Lit At The Edge 103.9's Third Thursday on Dec. 18
Since debuting last year, The Edge 103.9's monthly Third Thursday free concert series has featured headliners that easily fall into one of two categories: burgeoning and innovative indie-style bands or old-and-busted '90s has-beens and one-hit wonders.
Last night's event along Craftsman Court in Scottsdale fell firmly in the latter category, as it starred SoCal alt-rockers Lit, who are primarily known for the single "My Own Worst Enemy," and, to a lesser degree, "Miserable" (both from the 1999 best-seller A Place in the Sun).
And honestly, I'd prefer it if The Edge would stick with booking bands from the other category. Because even though last night's show was well attended (with a turnout more than 300 strong) the headliners seemed somewhat lukewarm, and were easily outshone by opening acts The Dead Eyes of London and Comfort for Change.
I guess I really shouldn't be bitching, considering it's a free concert and all, but I feel as though The Edge should dump the notion of bringing in outfits whose primary hits came eons ago (like Alien Ant Farm, The Presidents of the United States of America, or last month's headliner Marcy Playground). It's far more exciting going to see trendsetters like Rogue Wave, Shiny Toy Guns, or The Airborne Toxic Event.
For the most part, a majority of the audience seemed rather listless (other than a quite vocal group of Lit fans at the front of the crowd) during Lit's and they only seemed to truly come to life during when "Miserable" and "My Own Worst Enemy." (Then again, it was quite cold last night, with the mercury dipping into the low 40s).
Lit took to the stage at around 10:30 p.m. while Eowyn's "Battle Without Honor or Humanity" (a.k.a. the theme to Kill Bill, Vol. 1) blasted over the loudspeakers and proceeded to alt-rock out over the course of an hour and change with close to a dozen songs, kicking off the set with "Something to Someone," "Four," "Over My Head," and "Looks like They Were Right."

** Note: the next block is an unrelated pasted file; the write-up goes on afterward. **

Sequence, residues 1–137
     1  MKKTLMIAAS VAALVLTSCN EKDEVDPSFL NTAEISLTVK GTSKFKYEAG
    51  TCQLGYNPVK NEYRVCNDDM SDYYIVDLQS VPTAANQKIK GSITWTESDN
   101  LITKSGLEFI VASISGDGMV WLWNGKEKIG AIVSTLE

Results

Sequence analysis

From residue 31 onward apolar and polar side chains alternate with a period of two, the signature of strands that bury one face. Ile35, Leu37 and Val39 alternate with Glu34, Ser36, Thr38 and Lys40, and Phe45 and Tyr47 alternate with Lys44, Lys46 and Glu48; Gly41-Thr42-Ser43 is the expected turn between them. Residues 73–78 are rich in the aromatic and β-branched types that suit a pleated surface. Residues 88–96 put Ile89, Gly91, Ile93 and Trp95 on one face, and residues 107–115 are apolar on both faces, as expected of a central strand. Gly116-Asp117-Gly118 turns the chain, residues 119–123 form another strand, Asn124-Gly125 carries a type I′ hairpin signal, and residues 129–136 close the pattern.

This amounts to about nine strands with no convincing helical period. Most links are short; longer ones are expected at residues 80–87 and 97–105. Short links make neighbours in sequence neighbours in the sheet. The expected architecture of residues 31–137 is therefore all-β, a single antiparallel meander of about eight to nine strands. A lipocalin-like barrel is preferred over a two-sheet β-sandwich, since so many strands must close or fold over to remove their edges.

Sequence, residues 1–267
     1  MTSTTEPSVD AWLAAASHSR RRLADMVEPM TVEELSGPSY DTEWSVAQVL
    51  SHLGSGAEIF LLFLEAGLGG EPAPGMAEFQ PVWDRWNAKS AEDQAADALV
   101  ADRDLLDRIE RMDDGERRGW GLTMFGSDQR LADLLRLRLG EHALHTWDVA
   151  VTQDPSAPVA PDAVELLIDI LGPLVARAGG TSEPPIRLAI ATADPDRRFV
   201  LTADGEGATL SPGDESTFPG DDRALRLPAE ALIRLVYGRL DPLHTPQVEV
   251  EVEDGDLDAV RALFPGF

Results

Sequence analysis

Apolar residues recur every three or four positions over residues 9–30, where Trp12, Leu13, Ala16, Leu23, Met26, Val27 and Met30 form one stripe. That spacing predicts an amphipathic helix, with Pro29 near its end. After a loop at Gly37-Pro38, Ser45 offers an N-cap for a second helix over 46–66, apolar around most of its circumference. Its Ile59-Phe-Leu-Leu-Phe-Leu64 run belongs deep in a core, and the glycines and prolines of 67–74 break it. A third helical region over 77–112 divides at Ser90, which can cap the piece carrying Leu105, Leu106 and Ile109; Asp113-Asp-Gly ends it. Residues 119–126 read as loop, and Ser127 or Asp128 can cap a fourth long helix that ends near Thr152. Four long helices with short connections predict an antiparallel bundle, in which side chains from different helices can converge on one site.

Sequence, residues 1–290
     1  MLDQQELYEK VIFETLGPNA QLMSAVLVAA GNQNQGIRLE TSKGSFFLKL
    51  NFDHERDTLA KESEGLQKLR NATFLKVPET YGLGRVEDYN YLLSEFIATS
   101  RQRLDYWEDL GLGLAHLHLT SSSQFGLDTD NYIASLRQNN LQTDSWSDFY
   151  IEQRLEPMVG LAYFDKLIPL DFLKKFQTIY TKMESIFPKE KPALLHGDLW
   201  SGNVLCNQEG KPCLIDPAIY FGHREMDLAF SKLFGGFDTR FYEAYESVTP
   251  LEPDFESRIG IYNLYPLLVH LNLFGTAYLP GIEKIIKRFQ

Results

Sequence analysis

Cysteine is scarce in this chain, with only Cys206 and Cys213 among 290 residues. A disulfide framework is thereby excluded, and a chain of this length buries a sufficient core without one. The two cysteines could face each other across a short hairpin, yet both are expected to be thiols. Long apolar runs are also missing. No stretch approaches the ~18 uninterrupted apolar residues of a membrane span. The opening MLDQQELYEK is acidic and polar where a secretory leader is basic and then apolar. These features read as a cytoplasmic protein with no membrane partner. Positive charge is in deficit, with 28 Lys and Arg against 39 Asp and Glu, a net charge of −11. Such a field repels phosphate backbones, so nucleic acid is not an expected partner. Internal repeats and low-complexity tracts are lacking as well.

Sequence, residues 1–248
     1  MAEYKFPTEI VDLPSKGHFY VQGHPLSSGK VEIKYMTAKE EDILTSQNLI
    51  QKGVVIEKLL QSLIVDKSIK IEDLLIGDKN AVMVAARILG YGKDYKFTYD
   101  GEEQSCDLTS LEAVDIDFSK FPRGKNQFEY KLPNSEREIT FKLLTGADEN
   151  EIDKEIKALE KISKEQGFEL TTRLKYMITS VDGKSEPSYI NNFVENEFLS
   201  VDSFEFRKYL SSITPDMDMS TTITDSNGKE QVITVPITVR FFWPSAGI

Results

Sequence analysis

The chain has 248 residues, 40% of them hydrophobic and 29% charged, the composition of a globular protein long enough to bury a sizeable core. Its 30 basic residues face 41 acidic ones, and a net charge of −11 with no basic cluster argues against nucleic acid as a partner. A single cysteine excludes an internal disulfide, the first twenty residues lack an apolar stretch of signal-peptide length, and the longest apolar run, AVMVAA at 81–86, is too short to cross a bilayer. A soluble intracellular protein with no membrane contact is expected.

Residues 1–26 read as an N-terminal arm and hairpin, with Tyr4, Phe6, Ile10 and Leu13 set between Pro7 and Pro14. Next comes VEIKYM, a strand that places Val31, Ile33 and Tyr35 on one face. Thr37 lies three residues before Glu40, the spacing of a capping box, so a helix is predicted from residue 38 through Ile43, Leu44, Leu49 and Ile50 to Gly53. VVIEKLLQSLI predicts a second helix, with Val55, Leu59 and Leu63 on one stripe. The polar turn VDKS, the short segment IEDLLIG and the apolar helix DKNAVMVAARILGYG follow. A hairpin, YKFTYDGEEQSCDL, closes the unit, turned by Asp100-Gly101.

The gig was not without its standout moments, like when lead singer A. Jay Popoff brought out Fenix*TX frontman Will Salazar to help with the vocals for "Miserable," or when local turntablist Mr. P-Body walked up to the stage and handed guitarist Jeremy Popoff a silver ZZ Top keychain.
The Dead Eyes of London. No, they didn't wear makeup at the Third Thursday gig.
Frankly, I was way more into the performances by local boys The Dead Eyes of London and Comfort for Change, as both had more of a raw and manic energy to their sets. The former band has a grittier, distortion-laden garage sound with touches of British Invasion stuff, '60s and '70s rock, and early '80s punk.
Comfort for Change (which I really started getting into after seeing them perform on the local stage at this year's EdgeFest) falls into the relentlessly melodic hard rock genre (a la Digital Summer) with an explosively energetic stage show. In fact, the sextet's antics were a highlight for me, where vocalist Richard Carlise and bassist Steve Medigovich were frequently hopping off the stage and rushing into the crowd to commingle with the crowd. Guitarist Cameron Cook even performed a good chunk of their set in just boxers and a tee shirt, which was astounding given the near-freezing temps.
Lit had its own stage tricks, such as A. Jay Popoff getting mobbed by the crowd, or his brother Jeremy performing a three-minute guitar solo (including aping the opening chords to Jimi Hendix's legendary take on the "Star-Spangled Banner") while drinking from a can of Bud Light. It felt more like hackneyed rock-star posturing, however, as did their repeated shout out's to Phoenix and an invitation for the fans to party with them after the gig at the Ramada Inn ("Just kidding, we're staying at the W," A. Jay Popoff joked). -- Benjamin Leatherman
Last Night: Lit, Comfort for Change, and The Dead Eyes of London at The Edge 103.9's Third Thursday.
Better Than: Watching Sugar Ray performing at some future Third Thursday gig. (You know The Edge 103.9 would book it, if given the chance).
Personal Bias: Even though I detested Lit's "My Own Worst Enemy" when it was getting played 50 times a day back in 1999, I admit it's catchy as fuck in an earworm kinda way.
Random Detail: Alt-rock hits were played over the P.A. before each set, but whoever programmed the jams chose to play the censored version of NIN's "Closer." Weak.
Further Listening: The mixtape I'm gonna make this weekend with plenty of The Dead Eyes of London on it.
By the Way: Lit's featured Pamela Anderson in the music video for "Miserable."
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